I went to Melbourne for the Deborah Cass award night and to catch up with friends. The Deborah Cass award is open to anyone who was born overseas or has at least one parent born overseas —so that’s a large chunk of the population who qualify for entry. Karina Ko was the winner of this year’s prize, I was runner-up and Su-May Tan was second runner-up.
The judges couldn’t make it but the winner and runner-up of the inaugural prize Moreno Giovonnoni and Melanie Cheng were there. Melanie was very generous and shared her experiences as an emerging/emerged writer. She’s also a super nice person and gave Marianna (one of the shortlisted writers who is also an animator, illustrator and former pharmacist) a lift back to where we were staying. In the same way no woman in Perth felt safe wandering the streets or catching the taxi alone in the 1990s because of the Claremont serial killer, Melbourne women look out for each other and don’t let their friends walk alone, even if their home or the train station is just around the corner, because of what happened to Jill Meagher.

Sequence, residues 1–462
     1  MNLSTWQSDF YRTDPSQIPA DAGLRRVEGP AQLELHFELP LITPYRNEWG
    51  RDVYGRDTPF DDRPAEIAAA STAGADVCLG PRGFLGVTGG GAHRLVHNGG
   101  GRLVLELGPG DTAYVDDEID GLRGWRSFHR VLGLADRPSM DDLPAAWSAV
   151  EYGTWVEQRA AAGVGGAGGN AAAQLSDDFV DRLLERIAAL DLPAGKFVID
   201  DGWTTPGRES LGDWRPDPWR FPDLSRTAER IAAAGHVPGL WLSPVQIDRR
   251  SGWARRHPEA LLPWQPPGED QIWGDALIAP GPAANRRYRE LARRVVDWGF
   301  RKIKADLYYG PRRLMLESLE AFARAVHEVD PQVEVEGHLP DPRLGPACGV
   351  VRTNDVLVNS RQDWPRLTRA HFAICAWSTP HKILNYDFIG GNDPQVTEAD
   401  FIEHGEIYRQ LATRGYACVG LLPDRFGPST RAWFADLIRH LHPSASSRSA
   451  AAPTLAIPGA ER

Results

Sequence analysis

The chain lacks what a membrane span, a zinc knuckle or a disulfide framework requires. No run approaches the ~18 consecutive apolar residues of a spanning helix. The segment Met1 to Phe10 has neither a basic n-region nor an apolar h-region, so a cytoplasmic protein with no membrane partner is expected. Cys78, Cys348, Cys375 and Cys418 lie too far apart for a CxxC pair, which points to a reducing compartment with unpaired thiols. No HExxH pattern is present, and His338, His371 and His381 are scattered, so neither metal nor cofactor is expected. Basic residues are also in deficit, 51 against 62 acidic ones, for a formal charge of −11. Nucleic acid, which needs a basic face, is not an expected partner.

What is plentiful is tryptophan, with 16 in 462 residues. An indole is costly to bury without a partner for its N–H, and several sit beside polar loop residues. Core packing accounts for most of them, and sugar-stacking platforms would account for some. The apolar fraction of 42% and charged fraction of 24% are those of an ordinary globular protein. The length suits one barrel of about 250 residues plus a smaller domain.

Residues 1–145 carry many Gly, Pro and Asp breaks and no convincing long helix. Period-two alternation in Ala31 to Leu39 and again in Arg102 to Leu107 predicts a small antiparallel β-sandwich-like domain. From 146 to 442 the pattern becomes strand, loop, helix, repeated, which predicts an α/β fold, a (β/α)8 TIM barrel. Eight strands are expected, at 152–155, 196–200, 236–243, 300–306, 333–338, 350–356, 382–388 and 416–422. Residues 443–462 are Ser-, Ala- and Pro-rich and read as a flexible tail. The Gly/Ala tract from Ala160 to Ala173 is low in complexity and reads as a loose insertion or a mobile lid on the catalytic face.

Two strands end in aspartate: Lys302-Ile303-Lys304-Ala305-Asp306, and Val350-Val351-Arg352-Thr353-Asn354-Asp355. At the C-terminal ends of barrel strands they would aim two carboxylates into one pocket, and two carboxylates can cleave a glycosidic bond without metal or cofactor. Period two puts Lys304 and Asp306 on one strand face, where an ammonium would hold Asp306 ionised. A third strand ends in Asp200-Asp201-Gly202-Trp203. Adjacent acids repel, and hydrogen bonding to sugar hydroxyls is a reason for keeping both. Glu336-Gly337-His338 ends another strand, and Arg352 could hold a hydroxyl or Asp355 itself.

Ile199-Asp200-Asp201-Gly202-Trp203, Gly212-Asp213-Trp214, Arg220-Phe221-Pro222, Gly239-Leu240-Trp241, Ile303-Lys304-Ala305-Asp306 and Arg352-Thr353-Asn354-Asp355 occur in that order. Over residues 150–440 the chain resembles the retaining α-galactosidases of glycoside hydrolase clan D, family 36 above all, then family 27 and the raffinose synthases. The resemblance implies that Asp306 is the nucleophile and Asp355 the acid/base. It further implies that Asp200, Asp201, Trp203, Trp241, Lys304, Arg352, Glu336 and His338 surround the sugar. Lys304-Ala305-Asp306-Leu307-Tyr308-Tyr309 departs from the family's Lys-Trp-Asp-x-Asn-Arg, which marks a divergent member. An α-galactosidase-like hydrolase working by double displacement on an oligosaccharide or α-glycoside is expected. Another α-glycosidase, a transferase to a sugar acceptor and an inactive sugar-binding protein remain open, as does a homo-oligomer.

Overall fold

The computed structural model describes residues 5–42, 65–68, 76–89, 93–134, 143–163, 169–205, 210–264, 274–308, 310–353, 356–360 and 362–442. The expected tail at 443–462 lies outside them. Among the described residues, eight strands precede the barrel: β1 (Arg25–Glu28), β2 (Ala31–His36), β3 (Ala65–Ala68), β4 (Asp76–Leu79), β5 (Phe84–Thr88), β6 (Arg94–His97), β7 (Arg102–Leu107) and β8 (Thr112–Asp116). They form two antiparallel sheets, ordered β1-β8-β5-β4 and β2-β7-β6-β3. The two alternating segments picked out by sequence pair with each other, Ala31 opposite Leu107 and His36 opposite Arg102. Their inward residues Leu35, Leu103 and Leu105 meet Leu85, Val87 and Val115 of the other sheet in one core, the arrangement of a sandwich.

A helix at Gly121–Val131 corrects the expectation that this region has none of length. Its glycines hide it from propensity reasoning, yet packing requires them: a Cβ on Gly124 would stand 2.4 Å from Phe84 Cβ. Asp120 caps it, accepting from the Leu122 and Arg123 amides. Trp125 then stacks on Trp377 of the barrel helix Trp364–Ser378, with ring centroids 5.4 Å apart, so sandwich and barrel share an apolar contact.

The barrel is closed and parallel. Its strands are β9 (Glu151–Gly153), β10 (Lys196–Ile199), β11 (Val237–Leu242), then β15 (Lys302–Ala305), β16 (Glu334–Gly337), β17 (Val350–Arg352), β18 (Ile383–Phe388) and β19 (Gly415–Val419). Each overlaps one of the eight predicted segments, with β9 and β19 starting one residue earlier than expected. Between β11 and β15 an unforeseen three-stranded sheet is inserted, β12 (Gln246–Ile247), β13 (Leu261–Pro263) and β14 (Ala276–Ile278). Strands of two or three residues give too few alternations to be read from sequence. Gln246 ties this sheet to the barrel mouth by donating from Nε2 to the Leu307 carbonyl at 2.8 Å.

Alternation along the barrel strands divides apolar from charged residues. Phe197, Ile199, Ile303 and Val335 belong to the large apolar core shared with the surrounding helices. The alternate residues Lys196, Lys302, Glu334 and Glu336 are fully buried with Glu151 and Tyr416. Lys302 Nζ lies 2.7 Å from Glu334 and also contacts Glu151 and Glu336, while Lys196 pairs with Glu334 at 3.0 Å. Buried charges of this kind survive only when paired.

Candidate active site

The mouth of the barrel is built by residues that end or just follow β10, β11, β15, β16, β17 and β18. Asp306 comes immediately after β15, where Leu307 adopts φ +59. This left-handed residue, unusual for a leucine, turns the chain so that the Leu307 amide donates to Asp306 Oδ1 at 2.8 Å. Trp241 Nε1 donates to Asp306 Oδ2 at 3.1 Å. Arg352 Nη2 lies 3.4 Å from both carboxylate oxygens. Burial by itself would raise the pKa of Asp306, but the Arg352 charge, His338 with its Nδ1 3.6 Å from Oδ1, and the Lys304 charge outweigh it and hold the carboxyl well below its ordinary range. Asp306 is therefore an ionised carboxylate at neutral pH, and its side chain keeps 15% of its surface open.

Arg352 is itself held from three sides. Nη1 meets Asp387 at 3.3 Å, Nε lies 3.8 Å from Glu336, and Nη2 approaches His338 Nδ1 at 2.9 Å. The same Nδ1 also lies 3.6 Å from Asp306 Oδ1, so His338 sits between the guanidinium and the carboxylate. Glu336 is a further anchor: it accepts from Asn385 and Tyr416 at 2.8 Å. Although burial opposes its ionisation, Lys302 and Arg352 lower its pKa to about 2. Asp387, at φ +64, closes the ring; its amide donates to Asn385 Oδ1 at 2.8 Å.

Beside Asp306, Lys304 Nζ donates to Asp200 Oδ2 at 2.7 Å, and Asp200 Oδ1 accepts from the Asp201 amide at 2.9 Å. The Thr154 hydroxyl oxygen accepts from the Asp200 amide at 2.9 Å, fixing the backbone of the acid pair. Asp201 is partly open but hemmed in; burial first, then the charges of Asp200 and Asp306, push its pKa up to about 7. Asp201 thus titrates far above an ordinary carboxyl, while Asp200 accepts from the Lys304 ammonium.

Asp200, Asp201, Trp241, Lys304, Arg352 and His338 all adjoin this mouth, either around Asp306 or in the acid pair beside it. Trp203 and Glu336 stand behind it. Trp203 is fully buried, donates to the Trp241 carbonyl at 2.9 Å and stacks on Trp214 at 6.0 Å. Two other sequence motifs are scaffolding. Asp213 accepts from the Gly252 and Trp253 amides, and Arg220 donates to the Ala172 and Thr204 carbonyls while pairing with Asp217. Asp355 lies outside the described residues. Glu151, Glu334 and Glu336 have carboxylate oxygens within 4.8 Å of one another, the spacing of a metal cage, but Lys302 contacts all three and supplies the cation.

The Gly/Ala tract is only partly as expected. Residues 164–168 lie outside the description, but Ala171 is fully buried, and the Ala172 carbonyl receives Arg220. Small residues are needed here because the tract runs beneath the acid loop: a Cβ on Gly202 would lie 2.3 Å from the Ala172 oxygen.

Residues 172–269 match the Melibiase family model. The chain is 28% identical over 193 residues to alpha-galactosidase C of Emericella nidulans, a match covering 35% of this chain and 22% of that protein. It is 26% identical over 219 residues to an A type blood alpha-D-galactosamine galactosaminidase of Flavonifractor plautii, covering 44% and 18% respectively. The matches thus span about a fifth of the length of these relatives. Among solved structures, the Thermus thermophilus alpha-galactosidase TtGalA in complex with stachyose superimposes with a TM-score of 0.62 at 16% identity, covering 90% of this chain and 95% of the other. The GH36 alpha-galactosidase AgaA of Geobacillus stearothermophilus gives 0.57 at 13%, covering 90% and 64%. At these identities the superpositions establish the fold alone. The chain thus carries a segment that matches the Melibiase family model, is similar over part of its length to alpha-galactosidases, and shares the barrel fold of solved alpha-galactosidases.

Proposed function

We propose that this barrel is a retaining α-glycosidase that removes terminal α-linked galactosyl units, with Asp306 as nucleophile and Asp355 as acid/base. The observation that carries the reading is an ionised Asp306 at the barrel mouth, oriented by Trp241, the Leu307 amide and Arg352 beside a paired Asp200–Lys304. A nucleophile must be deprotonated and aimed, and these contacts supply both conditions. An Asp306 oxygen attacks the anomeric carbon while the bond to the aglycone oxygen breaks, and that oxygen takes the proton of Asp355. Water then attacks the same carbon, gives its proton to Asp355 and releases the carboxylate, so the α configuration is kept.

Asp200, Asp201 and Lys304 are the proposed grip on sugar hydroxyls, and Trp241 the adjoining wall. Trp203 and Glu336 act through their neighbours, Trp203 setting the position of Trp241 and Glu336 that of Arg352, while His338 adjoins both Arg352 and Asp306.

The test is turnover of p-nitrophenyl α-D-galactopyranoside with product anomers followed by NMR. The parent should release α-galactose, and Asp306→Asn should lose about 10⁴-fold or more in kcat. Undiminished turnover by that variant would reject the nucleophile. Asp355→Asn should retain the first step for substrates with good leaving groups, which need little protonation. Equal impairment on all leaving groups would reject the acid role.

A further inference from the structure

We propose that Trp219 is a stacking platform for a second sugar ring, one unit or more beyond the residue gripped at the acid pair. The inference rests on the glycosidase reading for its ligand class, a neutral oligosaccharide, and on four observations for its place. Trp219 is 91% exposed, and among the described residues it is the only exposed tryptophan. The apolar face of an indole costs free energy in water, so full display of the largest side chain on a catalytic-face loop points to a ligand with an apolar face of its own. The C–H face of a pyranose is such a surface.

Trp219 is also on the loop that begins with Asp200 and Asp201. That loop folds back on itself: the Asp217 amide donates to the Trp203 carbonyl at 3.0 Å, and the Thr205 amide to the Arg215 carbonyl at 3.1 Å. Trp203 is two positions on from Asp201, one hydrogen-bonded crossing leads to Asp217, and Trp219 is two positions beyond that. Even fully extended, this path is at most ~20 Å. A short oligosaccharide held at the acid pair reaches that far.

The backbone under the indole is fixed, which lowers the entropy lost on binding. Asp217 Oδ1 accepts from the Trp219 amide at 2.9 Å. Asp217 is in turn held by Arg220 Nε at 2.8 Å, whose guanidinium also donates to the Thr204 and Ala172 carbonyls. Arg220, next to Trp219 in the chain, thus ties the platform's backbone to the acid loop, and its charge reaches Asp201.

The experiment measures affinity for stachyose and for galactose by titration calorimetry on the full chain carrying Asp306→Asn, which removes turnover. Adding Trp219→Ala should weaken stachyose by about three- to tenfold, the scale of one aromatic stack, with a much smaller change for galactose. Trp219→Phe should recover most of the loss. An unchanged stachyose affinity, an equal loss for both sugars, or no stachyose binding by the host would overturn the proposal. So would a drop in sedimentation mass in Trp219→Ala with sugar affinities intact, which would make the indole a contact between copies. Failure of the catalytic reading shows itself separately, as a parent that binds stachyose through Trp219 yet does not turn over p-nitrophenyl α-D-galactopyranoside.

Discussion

My creativity had already been reignited after my post-thesis slump but a visit to Melbourne, a UNESCO City of Literature, further boosted my motivation to write and create. I imagine that living in a creative city means that you feel more validated as an artist at any stage of your career. I couldn’t believe that there were so many bookshops and that there were so many people inside them reading and buying books.
It’s apparently quite common to write in secrecy because not everyone understands or is supportive of aspiring and emerging writers. It’s easier to mask your writing as part of some other activity -eg. your teaching, therapy, job.
I grew up with a fear of being homeless so I understand why some friends don’t value the arts except within the educational context. Many parents are fine with their child playing a musical instrument in school but will discourage them from pursuing a career in music.
It’s easier for writers in a way because you can write as an after-hours activity or pretend that you are writing something else. No one can hear or see what you write.
It’s not until someone like JK Rowling comes along with her high-profile rags to riches stories that family and friends might be more supportive of your writing. That’s when you nod and smile and don’t break it to them that she is the exception not the rule.
Maybe I’ll come out as a writer next year to my friends. Maybe I won’t. I’ll see how things unfold.